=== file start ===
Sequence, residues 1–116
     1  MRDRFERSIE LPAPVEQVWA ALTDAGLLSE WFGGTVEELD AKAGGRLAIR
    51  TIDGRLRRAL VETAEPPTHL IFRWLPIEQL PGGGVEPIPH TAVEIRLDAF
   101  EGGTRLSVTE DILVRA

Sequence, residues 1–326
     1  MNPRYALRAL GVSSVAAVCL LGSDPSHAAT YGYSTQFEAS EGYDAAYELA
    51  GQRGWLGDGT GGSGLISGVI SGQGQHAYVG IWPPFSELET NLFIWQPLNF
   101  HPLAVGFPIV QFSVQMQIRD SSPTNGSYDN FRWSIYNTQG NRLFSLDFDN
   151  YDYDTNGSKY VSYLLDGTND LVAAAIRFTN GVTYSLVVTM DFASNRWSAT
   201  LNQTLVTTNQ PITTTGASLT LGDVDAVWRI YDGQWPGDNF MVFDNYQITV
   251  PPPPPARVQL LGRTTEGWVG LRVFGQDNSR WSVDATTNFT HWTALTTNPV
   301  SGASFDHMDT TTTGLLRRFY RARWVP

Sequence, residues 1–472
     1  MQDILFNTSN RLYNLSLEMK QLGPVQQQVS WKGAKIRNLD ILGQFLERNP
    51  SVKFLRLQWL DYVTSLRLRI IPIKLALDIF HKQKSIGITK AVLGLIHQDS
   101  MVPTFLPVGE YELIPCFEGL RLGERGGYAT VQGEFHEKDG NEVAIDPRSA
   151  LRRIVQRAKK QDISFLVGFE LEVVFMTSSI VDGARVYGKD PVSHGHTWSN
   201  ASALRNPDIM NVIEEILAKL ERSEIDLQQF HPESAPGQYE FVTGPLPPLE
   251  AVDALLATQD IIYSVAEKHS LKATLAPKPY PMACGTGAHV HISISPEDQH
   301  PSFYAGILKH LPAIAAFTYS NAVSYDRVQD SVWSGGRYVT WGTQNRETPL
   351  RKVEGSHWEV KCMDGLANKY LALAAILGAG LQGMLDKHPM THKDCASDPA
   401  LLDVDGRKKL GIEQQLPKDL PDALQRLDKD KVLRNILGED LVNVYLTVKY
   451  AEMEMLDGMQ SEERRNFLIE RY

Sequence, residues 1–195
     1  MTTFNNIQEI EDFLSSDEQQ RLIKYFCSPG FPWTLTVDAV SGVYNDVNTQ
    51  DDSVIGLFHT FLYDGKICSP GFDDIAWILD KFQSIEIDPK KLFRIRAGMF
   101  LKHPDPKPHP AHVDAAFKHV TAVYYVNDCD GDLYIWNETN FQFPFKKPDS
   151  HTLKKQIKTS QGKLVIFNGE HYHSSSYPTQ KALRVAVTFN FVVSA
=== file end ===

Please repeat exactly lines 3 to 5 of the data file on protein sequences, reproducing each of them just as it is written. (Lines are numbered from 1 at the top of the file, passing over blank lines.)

    51  TIDGRLRRAL VETAEPPTHL IFRWLPIEQL PGGGVEPIPH TAVEIRLDAF
   101  EGGTRLSVTE DILVRA

Sequence, residues 1–326